This Mighty Megalith of Computing was probably one tenth as powerfully as the PC upon which I do type this /response? Not only was IT as Weak as that but also it was much prone to ..what my Chief Female Friend refers to as ... Hissy Fits ... which is NOT ME, for female Human Persons are Entirely Un reasonable when, say, Their Time Keeping IS Questioned ..but rather the uncertainties ? of a Machine that did break Down if the ? Temperature weren't Quite Right ...with a Mighty /screech of Alarm Bells ..Women DO this Too for no Reason that is Known to Man.

I could take ISSUE with such Experts in The Field as Charlie and ..way back then .. Dave Langford who - Dave That is -did say that it 'didn't much matter which word processing system that You chose to learn since ? You Can pick it up as you go Along ' ..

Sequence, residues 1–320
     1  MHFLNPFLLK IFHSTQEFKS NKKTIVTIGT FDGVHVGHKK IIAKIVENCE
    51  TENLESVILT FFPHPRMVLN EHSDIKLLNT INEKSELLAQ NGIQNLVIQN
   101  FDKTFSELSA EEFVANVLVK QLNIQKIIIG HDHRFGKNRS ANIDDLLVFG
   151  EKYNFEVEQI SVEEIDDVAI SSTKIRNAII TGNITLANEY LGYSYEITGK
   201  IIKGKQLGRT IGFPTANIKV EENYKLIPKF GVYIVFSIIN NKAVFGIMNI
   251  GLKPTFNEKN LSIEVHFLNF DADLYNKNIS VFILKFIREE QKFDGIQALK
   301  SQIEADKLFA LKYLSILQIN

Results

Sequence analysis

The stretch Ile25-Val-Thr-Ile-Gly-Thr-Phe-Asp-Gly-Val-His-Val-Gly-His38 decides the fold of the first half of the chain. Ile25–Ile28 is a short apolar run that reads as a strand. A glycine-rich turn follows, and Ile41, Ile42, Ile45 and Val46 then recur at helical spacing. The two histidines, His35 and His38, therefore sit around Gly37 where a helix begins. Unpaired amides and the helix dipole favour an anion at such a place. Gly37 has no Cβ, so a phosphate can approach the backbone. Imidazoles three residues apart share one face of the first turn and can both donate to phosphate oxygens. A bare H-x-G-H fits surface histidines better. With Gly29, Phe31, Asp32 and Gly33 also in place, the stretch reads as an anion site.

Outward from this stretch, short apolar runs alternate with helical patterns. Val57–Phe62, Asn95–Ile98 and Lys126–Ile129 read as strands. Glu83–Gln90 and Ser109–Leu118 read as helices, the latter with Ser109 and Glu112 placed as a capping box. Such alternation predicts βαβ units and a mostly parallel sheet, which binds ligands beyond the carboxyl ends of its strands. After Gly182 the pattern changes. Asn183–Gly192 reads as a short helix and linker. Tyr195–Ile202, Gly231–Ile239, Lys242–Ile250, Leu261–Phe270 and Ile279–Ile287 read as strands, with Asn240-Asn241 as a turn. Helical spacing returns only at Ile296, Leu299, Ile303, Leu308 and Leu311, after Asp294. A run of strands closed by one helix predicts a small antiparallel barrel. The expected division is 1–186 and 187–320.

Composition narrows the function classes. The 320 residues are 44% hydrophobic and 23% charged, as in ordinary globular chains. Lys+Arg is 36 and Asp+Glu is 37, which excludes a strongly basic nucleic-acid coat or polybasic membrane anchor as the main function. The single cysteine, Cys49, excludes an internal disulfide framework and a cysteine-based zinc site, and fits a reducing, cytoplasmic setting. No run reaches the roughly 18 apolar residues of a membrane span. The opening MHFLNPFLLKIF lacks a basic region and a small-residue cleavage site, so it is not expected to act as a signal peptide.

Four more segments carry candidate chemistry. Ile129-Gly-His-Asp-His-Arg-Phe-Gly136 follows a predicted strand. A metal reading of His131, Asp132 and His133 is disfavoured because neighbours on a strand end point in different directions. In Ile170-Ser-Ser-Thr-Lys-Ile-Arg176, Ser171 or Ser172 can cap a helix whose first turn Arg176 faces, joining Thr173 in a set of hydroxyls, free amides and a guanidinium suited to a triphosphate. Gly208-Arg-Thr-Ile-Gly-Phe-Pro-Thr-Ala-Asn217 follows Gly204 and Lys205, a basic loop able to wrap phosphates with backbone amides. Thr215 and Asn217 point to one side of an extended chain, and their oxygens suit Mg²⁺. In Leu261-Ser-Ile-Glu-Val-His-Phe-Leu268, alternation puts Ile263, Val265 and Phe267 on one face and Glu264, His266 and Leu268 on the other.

HA !!!! There was this system called 'Word-star ' ... who could Blame Me if I did, NOW, say .. @ I hate You Alllllll !!!! ???


My old Smith-Corona is still in my mother's attic. My own Amstrad PCW died of accelerated redundancy long before then. Amstrad PC's and Word-Star were features of my second foray into college in the 80s. "Ctrl-K, D" still haunts my fingers when finishing a piece.

And Iain Banks is in the same category as the proprietor of this blog - someone whose work I purchase the instant it appears in my local bookstores. I am looking forward to Surface Detail at least as keenly as I am to Rule 34.

Have a happy and productive new year Mr Stross and long may you continue to do so.


confused "Surface Detail" is already out in hardcover (came out in October), and this is only a quid more at than the softback (due May) - in fact are selling the hardcover below the proposed softback list price.

So, unless you have extreme moral objections to Amazon, why wait?